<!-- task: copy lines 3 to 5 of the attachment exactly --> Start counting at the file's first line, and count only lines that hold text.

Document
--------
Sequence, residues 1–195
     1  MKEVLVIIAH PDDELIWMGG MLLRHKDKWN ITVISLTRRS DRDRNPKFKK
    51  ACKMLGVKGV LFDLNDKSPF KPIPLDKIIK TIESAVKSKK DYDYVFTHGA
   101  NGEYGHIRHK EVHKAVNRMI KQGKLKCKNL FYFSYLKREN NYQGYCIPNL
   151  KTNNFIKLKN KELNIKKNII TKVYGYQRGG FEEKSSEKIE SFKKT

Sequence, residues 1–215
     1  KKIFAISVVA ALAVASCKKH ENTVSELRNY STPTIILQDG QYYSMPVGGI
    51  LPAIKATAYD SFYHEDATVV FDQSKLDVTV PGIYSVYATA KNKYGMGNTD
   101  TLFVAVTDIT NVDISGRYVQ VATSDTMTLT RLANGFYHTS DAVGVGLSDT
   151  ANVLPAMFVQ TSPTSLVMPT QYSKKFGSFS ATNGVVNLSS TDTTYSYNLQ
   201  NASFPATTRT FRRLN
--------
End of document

    51  ACKMLGVKGV LFDLNDKSPF KPIPLDKIIK TIESAVKSKK DYDYVFTHGA
   101  NGEYGHIRHK EVHKAVNRMI KQGKLKCKNL FYFSYLKREN NYQGYCIPNL
   151  KTNNFIKLKN KELNIKKNII TKVYGYQRGG FEEKSSEKIE SFKKT